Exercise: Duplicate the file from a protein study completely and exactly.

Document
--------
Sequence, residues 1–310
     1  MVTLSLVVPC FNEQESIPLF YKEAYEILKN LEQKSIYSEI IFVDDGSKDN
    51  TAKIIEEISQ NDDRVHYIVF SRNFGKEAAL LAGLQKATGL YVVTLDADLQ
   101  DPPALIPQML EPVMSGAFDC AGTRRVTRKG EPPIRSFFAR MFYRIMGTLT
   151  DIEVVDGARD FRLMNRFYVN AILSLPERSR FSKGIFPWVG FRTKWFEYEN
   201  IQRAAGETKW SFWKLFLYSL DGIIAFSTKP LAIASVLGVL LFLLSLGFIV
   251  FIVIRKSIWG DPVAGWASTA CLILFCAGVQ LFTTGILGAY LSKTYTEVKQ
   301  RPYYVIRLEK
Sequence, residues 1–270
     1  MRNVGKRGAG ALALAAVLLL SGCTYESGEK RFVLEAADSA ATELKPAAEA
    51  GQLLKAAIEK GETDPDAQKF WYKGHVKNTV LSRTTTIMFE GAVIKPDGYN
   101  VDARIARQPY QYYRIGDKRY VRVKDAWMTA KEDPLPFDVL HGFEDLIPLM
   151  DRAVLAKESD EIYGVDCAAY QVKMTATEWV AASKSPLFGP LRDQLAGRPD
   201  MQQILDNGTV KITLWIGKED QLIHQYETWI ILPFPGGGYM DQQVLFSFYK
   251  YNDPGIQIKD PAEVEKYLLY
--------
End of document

Sequence, residues 1–310
     1  MVTLSLVVPC FNEQESIPLF YKEAYEILKN LEQKSIYSEI IFVDDGSKDN
    51  TAKIIEEISQ NDDRVHYIVF SRNFGKEAAL LAGLQKATGL YVVTLDADLQ
   101  DPPALIPQML EPVMSGAFDC AGTRRVTRKG EPPIRSFFAR MFYRIMGTLT
   151  DIEVVDGARD FRLMNRFYVN AILSLPERSR FSKGIFPWVG FRTKWFEYEN
   201  IQRAAGETKW SFWKLFLYSL DGIIAFSTKP LAIASVLGVL LFLLSLGFIV
   251  FIVIRKSIWG DPVAGWASTA CLILFCAGVQ LFTTGILGAY LSKTYTEVKQ
   301  RPYYVIRLEK
Sequence, residues 1–270
     1  MRNVGKRGAG ALALAAVLLL SGCTYESGEK RFVLEAADSA ATELKPAAEA
    51  GQLLKAAIEK GETDPDAQKF WYKGHVKNTV LSRTTTIMFE GAVIKPDGYN
   101  VDARIARQPY QYYRIGDKRY VRVKDAWMTA KEDPLPFDVL HGFEDLIPLM
   151  DRAVLAKESD EIYGVDCAAY QVKMTATEWV AASKSPLFGP LRDQLAGRPD
   201  MQQILDNGTV KITLWIGKED QLIHQYETWI ILPFPGGGYM DQQVLFSFYK
   251  YNDPGIQIKD PAEVEKYLLY